Australian internet entrepreneur Fred Schebesta knows a thing or two about starting up a successful online business.
Schebesta, who founded online comparison website finder.com.au and is also a StartupSmart mentor, has put together a list of the signs he says show that an internet company is likely to fail.
“In this digital age a good idea is never enough,” Schebesta says in a statement.
Get business news first
Sign up to SmartCompany’s daily newsletter
“When I started out, experimentation was my key to success. There were many strategies that I had to abandon when I realised they wouldn’t thrive in an Australian market.
“A good entrepreneur can spot a ‘flop’ a mile away and knows when to separate passion from making profit.”
Here are Schebesta’s 10 indicators that an internet company is set for failure:
1. The owner expects it to go viral
“The most successful viral campaigns out there are for brands that have already established themselves in the market and have an existing following. Viral campaigns drive brand awareness not sales and should support a core marketing strategy, not the other way round. Banking on the fact that an idea will flood the social media space is a huge gamble. Not to mention creating viral content with mass appeal is extremely difficult.”
2. The chosen idea adds to an already ‘successful’ core product
“A product that adds value to another successful idea can thrive in the beginning however, when the existing product fails or its owner decides that they can create that add-on even better, this business becomes redundant.”
3. The product is good but could easily operate as a free service
“I’ve watched entrepreneurs crumble as larger businesses swoop in and offer a similar service for free. Remarkably I’ve also watched as others try to establish a paid service when it’s already available at no cost to the consumer! It’s not a good idea if money can’t be made from it. Evernote is an example of a business that is luring customers with free basic packages and then charging for upgrades. As a result frustrated users are turning to websites that offer the same tools for free such as Apple Notes or Google Docs.”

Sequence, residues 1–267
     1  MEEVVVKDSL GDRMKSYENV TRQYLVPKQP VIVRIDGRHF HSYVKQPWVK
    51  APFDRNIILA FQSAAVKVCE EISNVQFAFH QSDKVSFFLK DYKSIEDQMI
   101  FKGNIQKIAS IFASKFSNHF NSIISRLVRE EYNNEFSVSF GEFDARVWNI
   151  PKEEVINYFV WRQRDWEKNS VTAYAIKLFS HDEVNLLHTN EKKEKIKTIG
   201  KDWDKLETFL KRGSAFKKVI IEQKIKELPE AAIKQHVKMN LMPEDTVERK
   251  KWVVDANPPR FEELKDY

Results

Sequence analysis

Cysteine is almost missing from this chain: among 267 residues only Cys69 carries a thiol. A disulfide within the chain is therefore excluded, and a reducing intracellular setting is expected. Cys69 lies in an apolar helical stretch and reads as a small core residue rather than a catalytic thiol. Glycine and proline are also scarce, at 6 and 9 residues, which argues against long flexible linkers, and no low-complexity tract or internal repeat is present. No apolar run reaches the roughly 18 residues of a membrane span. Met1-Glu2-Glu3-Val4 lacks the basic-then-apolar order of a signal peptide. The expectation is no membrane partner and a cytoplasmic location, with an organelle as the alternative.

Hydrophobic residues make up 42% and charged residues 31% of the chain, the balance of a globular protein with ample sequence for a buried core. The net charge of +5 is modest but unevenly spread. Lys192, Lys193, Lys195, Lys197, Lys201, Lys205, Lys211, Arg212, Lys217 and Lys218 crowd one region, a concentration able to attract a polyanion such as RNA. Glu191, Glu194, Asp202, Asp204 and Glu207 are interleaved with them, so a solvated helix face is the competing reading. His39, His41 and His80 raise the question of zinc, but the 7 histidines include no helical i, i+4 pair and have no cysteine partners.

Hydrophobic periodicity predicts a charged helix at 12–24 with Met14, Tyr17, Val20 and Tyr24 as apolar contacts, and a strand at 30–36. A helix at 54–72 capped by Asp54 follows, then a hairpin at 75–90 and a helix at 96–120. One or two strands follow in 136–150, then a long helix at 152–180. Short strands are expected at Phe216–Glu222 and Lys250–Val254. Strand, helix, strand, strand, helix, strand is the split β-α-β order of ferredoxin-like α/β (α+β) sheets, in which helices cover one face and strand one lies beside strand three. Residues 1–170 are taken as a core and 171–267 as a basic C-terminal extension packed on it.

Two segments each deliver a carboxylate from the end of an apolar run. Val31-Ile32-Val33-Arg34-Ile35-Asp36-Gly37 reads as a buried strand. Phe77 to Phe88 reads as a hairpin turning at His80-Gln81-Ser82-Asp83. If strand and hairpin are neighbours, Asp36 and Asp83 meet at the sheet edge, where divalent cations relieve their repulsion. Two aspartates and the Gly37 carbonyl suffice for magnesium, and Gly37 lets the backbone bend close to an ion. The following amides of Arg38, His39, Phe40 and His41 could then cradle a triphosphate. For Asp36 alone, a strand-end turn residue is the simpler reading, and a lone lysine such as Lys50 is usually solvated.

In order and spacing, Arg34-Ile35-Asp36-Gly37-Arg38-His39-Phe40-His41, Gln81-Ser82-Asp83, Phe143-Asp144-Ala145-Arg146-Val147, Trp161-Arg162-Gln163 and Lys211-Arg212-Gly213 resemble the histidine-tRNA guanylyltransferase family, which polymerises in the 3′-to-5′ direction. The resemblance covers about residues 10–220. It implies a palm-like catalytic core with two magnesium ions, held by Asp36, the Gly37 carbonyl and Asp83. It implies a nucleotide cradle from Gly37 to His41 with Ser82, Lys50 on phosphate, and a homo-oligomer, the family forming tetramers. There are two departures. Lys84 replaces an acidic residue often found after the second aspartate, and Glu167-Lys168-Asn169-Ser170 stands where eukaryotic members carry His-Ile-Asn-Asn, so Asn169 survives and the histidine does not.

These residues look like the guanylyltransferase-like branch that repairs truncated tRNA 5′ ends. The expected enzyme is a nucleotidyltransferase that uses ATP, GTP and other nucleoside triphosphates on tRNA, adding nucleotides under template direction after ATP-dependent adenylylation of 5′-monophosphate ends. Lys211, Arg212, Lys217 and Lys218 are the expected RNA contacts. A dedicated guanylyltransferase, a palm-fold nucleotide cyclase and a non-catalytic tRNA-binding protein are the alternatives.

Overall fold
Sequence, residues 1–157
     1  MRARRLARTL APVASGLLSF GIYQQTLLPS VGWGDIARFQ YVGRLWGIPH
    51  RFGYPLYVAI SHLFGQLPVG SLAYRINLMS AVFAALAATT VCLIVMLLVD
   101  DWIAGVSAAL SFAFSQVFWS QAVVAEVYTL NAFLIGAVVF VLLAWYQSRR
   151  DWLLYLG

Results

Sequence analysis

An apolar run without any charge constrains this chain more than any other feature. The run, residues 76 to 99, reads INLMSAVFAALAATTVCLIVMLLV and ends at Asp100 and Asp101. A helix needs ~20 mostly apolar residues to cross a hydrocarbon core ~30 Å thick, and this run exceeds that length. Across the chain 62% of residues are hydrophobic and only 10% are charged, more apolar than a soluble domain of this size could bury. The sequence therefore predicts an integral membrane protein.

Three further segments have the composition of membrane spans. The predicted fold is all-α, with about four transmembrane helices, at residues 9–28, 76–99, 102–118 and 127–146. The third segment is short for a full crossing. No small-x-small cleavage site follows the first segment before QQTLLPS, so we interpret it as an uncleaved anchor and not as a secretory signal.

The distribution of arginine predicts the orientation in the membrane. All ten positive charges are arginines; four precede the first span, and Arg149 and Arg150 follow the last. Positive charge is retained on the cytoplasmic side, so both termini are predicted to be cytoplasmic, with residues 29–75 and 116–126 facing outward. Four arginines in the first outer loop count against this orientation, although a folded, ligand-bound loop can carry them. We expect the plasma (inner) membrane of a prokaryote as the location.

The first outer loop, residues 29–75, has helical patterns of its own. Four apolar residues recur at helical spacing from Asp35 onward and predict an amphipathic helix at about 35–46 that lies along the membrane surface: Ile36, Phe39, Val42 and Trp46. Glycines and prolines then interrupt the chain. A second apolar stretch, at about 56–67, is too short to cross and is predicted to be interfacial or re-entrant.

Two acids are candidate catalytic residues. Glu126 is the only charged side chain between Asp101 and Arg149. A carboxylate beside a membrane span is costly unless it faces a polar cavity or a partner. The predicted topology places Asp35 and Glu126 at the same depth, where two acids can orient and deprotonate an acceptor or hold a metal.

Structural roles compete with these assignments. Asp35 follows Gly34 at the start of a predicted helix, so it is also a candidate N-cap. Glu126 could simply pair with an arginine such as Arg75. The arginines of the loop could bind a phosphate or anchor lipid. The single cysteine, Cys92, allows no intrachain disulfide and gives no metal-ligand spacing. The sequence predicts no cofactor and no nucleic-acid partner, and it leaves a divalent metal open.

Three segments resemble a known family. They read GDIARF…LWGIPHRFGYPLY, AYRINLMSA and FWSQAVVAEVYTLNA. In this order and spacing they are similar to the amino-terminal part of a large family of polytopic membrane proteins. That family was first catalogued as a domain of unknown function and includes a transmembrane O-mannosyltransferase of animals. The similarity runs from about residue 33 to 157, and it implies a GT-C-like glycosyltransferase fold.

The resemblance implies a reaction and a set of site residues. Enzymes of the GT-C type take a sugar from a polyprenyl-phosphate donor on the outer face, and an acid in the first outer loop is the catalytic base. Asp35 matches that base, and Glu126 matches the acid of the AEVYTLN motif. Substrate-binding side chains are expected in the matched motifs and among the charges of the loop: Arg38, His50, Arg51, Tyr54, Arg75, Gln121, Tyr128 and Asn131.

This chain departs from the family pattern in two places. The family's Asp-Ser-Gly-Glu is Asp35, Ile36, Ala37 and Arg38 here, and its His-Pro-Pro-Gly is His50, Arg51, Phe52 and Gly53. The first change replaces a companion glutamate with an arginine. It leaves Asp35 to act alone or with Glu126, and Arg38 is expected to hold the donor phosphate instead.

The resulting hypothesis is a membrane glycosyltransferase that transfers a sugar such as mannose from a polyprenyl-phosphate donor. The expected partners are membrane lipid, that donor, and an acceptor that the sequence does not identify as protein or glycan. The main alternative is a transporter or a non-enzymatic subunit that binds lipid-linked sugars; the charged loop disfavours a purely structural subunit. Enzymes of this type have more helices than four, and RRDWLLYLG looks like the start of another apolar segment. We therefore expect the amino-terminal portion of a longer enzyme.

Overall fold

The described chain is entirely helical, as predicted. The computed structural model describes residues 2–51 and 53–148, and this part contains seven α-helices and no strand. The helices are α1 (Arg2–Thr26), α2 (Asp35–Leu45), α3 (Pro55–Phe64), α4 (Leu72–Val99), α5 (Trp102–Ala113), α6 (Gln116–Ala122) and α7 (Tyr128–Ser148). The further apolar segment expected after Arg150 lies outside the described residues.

4. It’s a faceless business
“Brands that are non-personable scream out to customers that they’re money-making schemes. Customers need someone to talk to when things go wrong, otherwise frustrations can kill a good reputation. So many business owners that think being online gives them the right to be faceless, when in fact, it requires extra effort to communicate.”
5. The owner has picked a business where others continuously fail
“Two words – group buying. Why do businesses keep trying to establish in this dying market, especially when it’s dominated by a handful of larger businesses? Too often I see business owners who are too proud to change an idea or enter a different market, sometimes you just have to go back to the drawing board.”
6. There is no differentiation to well-established competitors
“Think realestate.com.au or Seek.com.au – they operate so well in the market that smaller competitors don’t stand a chance. When an entrepreneur thinks they have a differentiation, they need to question how long it would be before their largest competitor also incorporates this idea. These websites own the monopoly because they have the following and funding to do it bigger and better.”
7. The business can’t be explained to a 12-year-old
“Over-complicated ideas result in users switching off completely. If a 12-year-old doesn’t understand a product then I say don’t bother taking it any further. Ideas need to be marketable to everyone in order to succeed.”
8. It’s for a niche market, not the mass market
“Australia is already a tiny market to operate in and those businesses with a niche idea are narrowing their success even further. When an idea becomes too specific consumers feel alienated and lose interest. To make a niche idea successful, business owners need to consider add-ons or how they can open it up to a broader audience.”
9. eBay, Google or Facebook are its biggest competitors
“I am flooded with requests each month from the ‘budding’ Mark Zuckerberg. You are not the next social network. That ship has sailed, now we need to move on.”
10. The owner is trying to find new industries or customer problems to solve
“If a product doesn’t solve an obvious problem or make a customer have an ‘Aha!’ moment then it shouldn’t exist. If there are existing solutions to problems that an entrepreneur is trying to compete then they need to innovate in a whole new way to get audiences on board.”
This article first appeared on StartupSmart.